(4) – voted “most individual” by OCHS’s class of ’93, then expelled by the school for performing a rap about the principal at the homecoming dance.
(5) – maybe questioning god’s existence was my way of exploring the non-existence of my own father. in any case, the hellfire and brimstone set don’t take too kind to heathens.
(6) – oldham county was “dry” in all the years i lived there, meaning the sale of alcoholic beverages was prohibited, period. every few years, a petition was organized to repeal the law, and my family’s church became campaign headquarters in the fight against change. i still love me a good rally.
(7) – pastor says drinking is a sin, and the sinners are going to hell. things looked grim for my grandfather, uncles, and most especially my father. perhaps abstinence from alcohol on the part of the women was a counterbalance to the excessive drinking by the men, or maybe it’s further evidence of patriarchy in the south, but i rarely, if ever, saw a lady in my family with a drink. that observation served to polarize the distinction between woman and man, between good and evil, respectively.
( 8 ) – this week’s lesson plan comes from the good book.
(9) – all pretty self-explanatory, really
(10) – oldham county was formally established in 1823 from portions of 3 surrounding counties, one of them being henry, so named for patrick henry, the american revolutionary most famous for the line “give me liberty, or give me death.”
(11) – the colonel was my high school mascot, chosen in honor of col. william oldham, a veteran of the continental soldiers in the revolutionary war. though i truly cannot imagine experiencing first-hand the horrors of the battlefield, i do know what it’s like to wage war against a tyrannical regime.
(12) – can you say “red state?”
(13) – subsequent to my punishment for the episode at the homecoming dance, i felt i was ready to lead a revolt against the board of education. i came to realize that leadership is a quality, not an emotion.
(14) – i often times refer to my departure from OCHS as an expulsion, when in fact i did choose to leave the school. following the rap (which i still have and promise to post one day) the administration placed me on severe probation, and knowing i couldn’t possibly enjoy my senior year on lockdown, i bounced. i had a feeling my presence would be missed, but you remember high school; drama has a short lifespan.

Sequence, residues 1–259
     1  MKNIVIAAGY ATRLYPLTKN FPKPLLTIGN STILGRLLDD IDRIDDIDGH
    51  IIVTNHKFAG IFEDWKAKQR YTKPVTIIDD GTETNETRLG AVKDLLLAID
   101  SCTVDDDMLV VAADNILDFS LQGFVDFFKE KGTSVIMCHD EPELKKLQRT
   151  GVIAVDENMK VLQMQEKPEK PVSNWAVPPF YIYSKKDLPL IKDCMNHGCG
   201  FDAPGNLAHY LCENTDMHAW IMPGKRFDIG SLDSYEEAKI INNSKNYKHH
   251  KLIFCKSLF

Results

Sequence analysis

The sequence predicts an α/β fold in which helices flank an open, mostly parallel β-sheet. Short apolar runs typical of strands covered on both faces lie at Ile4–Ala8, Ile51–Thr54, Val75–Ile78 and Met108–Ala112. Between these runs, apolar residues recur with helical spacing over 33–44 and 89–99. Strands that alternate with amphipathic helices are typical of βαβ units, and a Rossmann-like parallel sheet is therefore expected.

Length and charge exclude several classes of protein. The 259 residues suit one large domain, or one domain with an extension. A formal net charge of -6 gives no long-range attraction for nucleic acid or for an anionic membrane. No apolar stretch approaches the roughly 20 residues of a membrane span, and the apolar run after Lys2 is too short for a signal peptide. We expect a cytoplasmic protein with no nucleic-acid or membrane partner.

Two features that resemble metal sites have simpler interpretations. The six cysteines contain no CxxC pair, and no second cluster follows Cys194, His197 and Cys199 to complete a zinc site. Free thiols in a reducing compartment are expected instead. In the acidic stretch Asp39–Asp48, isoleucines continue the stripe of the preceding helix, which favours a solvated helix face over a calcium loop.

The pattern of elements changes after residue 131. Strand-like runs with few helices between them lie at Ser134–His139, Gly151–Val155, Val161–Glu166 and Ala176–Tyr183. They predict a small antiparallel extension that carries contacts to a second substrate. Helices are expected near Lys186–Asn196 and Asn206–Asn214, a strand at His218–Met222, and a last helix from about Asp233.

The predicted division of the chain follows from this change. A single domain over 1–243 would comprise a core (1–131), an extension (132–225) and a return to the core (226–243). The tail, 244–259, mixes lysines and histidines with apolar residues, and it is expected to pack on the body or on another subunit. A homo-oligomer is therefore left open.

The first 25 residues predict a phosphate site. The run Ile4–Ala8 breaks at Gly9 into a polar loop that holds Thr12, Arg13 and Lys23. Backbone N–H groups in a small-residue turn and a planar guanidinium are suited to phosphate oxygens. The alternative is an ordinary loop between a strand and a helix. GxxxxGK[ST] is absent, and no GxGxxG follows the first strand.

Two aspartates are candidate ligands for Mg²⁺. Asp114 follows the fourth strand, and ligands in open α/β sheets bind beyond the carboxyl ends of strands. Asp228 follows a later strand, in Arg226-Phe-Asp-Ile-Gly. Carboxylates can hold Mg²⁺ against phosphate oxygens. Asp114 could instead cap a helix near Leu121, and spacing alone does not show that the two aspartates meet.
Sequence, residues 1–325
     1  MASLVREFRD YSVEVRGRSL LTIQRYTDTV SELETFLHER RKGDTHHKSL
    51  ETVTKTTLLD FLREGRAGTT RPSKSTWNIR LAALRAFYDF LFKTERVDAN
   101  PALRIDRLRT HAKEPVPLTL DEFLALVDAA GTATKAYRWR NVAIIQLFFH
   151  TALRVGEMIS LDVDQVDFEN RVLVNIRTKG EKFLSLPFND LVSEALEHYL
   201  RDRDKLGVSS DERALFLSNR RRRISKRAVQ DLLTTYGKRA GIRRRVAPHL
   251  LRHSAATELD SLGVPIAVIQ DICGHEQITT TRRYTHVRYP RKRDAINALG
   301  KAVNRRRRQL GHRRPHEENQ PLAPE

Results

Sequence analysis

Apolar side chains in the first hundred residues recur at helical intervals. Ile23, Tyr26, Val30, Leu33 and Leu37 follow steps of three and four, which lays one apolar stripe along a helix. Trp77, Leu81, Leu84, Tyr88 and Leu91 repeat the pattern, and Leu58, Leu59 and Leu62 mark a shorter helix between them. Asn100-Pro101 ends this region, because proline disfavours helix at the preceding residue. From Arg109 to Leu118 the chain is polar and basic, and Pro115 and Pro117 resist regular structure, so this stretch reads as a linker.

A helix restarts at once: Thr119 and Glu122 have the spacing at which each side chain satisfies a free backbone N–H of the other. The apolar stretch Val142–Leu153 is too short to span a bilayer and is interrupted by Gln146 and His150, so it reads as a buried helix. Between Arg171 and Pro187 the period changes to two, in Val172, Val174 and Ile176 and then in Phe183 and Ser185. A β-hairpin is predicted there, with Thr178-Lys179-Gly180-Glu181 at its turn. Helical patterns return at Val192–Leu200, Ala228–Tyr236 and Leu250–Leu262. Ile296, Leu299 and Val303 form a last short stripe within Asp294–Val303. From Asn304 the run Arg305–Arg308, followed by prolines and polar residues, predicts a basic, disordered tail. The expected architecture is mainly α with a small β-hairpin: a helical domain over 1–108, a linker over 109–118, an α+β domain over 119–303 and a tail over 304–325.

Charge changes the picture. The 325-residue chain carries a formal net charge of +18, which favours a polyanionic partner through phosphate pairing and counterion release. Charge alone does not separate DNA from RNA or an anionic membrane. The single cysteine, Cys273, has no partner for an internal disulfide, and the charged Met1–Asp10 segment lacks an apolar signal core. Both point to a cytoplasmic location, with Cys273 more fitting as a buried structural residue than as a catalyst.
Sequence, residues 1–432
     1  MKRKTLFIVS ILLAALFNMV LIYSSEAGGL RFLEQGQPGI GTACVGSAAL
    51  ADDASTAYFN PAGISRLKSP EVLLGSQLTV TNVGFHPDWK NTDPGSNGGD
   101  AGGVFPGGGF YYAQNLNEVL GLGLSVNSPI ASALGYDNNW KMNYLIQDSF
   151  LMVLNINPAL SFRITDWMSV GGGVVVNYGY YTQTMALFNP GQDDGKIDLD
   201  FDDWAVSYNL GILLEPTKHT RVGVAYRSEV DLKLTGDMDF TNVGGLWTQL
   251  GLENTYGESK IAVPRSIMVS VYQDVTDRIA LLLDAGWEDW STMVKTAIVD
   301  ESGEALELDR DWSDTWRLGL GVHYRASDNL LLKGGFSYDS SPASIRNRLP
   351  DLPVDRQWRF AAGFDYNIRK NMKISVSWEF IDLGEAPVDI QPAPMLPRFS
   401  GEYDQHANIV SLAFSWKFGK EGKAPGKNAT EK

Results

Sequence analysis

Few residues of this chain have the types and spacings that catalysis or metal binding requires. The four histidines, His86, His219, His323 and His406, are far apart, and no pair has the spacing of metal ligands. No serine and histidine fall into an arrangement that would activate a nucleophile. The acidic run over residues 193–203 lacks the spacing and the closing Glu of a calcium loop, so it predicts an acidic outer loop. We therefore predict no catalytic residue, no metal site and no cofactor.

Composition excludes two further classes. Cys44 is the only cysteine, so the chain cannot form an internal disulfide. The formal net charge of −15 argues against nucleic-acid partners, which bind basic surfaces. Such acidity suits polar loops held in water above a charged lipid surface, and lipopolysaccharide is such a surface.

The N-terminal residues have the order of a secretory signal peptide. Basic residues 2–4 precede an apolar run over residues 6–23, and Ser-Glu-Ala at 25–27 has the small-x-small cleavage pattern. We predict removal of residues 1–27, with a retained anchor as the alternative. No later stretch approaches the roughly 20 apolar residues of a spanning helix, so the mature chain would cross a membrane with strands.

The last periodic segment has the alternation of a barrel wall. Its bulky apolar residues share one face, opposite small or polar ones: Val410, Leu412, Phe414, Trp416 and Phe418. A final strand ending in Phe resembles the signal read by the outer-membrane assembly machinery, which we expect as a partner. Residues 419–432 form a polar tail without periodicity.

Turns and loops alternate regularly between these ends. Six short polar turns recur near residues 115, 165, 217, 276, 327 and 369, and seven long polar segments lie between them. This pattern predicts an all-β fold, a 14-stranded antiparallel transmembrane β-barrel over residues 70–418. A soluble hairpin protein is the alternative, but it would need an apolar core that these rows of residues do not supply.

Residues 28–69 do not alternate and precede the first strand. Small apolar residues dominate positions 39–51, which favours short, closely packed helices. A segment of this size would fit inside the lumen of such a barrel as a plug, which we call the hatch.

(15) – the principal was in her inaugural year when she decided to make an example out of me. she made life miserable for a whole lotta young folks that year, vowing to not let another one swim against the current. to this day, my parents feel as though they should have fought harder in opposition to her uncompromising rule against free speech, but we all had the last laugh when she “resigned” in ’97 citing complications with her health. i hope she’s all better now.
(16) – you appreciate the irony, right?
(17) – sure, martha sammons resigned from her post as principal, but the school and its entire district remains under the thumb of an oppressive government. you win some, you lose some.
( 18 ) – “no, they won’t name no buildings after me,” (c) badu – but the spirit still lives.
(19) – it’s the rally cry for who got next! it’s the passing of the torch! it’s the final hour!
(20) – it’s the same zealous rhetoric i spent my formative youth trying to escape. that’s deep.
says officer james brown of a murder/suicide in the place i was born and raised: “this is an isolated incident… it’s not indicative of the community we live in or the people of this community…” really, though?